Motley Fool 100 ETF Results: Second Quarter 2018

Tony Arsta
By Tony Arsta, Portfolio Manager
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Performance Through June 30, 2018
As of June 30, 2018 Second Quarter 2018 Since Inception (Inception Date: 1/30/2018)
Motley Fool 100 ETF (TMFC) NAV Return 7.06% 0.56%
Motley Fool 100 ETF (TMFC) Market Price Return 7.01% 0.70%
S&P 500 Index Return 3.43% -3.91%

Gross Expense Ratio 0.50%. The performance data quoted represents past performance and does not guarantee future results. Current performance may be lower or higher. The investment return and principal of an investment will fluctuate so that shares, when redeemed, may be worth more or less than their original cost. For performance as of the most recent month end, please call 1-800-617-0004. Short term performance, in particular, is not a good indication of a fund's future performance, and investments should not be made based solely on returns.


With all the volatility in the markets since the inception of the Motley Fool 100 ETF in late January, a return of 7.06% last quarter feels pretty good. It is certainly better than the 3.43% return from the S&P 500 in that same time, and it’s a big improvement from the negative returns in the first few months of the ETF’s existence. In fact, the S&P 500 is still in negative territory since we launched the ETF, and our fund has only recently fully recouped those early losses. Regardless, we prefer to focus on investing for the long term and don’t believe most investors should pay much heed to such short-term performance. Focusing on long-term investing also makes the market’s volatility far less troublesome.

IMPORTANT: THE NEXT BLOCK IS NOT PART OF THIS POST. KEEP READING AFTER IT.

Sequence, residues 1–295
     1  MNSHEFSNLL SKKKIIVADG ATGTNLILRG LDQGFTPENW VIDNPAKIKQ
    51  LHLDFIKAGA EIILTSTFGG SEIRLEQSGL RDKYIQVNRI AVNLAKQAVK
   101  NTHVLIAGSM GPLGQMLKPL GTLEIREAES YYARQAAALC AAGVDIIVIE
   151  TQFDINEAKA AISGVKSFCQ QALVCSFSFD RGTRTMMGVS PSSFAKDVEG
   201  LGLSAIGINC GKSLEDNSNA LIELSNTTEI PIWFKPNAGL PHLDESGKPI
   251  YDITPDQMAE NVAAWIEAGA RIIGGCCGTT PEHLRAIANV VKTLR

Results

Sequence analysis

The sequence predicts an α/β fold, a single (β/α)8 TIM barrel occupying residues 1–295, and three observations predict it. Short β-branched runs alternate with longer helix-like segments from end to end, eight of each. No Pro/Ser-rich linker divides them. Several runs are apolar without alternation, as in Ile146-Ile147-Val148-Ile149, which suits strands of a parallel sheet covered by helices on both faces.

Returns for the quarter were helped along by the relative outperformance of the technology sector, where the Fool 100 Index is still heavily overweight. The best performers for the quarter included Twitter (+51%), Align Technology (+36%), and Netflix (+33%). Fellow technology-focused companies Facebook, Square, Tesla, and VMware each gained at least 20% during the quarter as well. At the other end of the list, we saw negative returns from several companies including Cummins (-17%), Starbucks (-15%), and Celgene (-11%).

It can be difficult for individual investors to find the right balance between ignoring short-term market gyrations and paying attention to changing fortunes at the companies in which you’ve invested. That’s one of the benefits of following a market cap-weighted index approach like the Fool 100 Index. The analysts at our sister company, The Motley Fool LLC, are constantly updating their company rankings through the Fool IQ database. But the changes to the index are less frequent, only occurring once a quarter. And since the weight within the index is driven by each company’s market cap, the Index follows a simple approach that reduces the damages that can be caused by having excessive fear or greed at precisely the wrong time.